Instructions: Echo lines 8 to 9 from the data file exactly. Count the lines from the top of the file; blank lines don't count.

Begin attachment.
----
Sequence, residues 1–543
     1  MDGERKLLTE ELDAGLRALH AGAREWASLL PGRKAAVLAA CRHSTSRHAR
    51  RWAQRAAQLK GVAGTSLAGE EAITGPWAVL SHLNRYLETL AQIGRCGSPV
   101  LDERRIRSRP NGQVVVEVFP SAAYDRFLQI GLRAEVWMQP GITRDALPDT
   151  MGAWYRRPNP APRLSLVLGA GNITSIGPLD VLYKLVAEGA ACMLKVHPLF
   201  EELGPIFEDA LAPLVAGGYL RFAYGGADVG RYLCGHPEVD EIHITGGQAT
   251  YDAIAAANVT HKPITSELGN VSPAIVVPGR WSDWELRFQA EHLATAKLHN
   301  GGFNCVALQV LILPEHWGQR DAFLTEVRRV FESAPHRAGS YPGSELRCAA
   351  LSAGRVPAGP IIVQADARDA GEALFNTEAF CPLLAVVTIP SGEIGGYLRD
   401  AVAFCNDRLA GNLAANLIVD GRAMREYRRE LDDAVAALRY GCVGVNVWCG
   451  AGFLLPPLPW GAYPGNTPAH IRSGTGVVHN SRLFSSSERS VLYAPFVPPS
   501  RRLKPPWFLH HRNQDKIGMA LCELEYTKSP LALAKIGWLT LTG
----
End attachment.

   301  GGFNCVALQV LILPEHWGQR DAFLTEVRRV FESAPHRAGS YPGSELRCAA
   351  LSAGRVPAGP IIVQADARDA GEALFNTEAF CPLLAVVTIP SGEIGGYLRD